In a wireless mesh network, one or more functions in the network may require that each of the nodes in the network communicate information to all of the other nodes in the network. For example, with reference to FIG. 1, node 12 may have to communicate certain information to nodes 14, 16, 18, 20, and 22; node 14 may have to communicate certain information to nodes 12, 16, 18, 20, and 22; and so on. This will be referred to herein as “all-to-all communication.” All-to-all communication may be used within a wireless mesh network to, for example, support self-configuration functions. This type of information may include, for example, node location information, ambient noise information, channel usage information, received signal strength, transmit power, traffic characteristics, and/or other types of information. In at least one application, for example, all-to-all communication is used to support channel selection functions within a wireless mesh network. That is, each of the nodes in the network may transfer information to the other nodes that relates to the achievable throughput in each of a plurality of available frequency bands in the network This information may later be used within the network to make channel adaptation decisions when necessary.

In at least one aspect of the present invention, all-to-all communication is achieved in a wireless mesh network by causing a single packet to flow through the mesh network from node to node while aggregating the required information from each node during travel. This packet will be referred to herein as the “relaying” packet. Each node that receives the relaying packet can read and store the aggregated information for use in performing one or more corresponding functions (e.g., channel selection, etc.). The receiving node may also update any information within the relaying packet that corresponds to the node, if needed. The receiving node may then transfer the relaying packet to another node in the mesh network where the above-described process can be repeated.

FIG. 2 is a diagram illustrating the content of an example relaying packet 30 in accordance with an embodiment of the present invention. As illustrated, the relaying packet 30 may include: an issuer identifier 32, a global serial number 34, aggregated information 36, and path information 38. The issuer identifier 32 identifies the node within the mesh network that originally issued the relaying packet 30 and the global serial number 34 identifies the relaying packet 30 itself. As will be described in greater detail, the issuer identifier 32 and the global serial number 34 may be used to prevent or terminate a condition where multiple relaying packets are circulating within a mesh network at the same time. The aggregated information 36 is the information collected from each of the visited nodes for delivery to the other nodes in the network. The first time a particular node receives the relaying packet 30, the node may enter appropriate information into the aggregated information portion 36 of the packet. Thereafter, each time the node receives the relaying packet 30, the node may update the aggregated information 36, if needed. As discussed previously, the content of the aggregated information portion 36 will be application specific.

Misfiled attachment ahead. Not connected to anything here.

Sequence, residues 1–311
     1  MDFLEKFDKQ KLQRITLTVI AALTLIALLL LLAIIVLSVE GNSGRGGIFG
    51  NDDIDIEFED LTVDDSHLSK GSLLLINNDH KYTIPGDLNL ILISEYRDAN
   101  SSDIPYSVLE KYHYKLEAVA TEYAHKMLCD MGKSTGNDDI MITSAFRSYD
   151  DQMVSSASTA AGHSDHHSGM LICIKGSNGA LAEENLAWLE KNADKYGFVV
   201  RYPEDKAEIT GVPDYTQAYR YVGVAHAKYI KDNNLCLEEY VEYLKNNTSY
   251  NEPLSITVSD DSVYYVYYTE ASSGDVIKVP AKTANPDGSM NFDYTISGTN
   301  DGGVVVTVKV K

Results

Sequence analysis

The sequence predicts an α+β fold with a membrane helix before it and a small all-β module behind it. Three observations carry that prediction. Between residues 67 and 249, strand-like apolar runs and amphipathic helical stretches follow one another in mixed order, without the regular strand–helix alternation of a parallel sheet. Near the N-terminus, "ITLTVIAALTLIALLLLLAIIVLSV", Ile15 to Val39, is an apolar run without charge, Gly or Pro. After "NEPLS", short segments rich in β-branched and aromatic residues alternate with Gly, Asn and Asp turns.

As the relaying packet 30 travels around the mesh network, an identifier is recorded within the packet 30 for each node that the relaying packet 30 visits, in time order. With reference to FIG. 2, this information may be recorded as path information 38 within the relaying packet 30. The path information 38 may be used during the circulation of the relaying packet 30 to, for example, make routing decisions for the packet 30. As will be described in greater detail, under some circumstances, the path information 38 may be removed from the relaying packet 30. It should be understood that the relaying packet 30 of FIG. 2 is merely an example of one possible packet configuration that may be used in accordance with the present invention. Many other relaying packet formats may alternatively be used.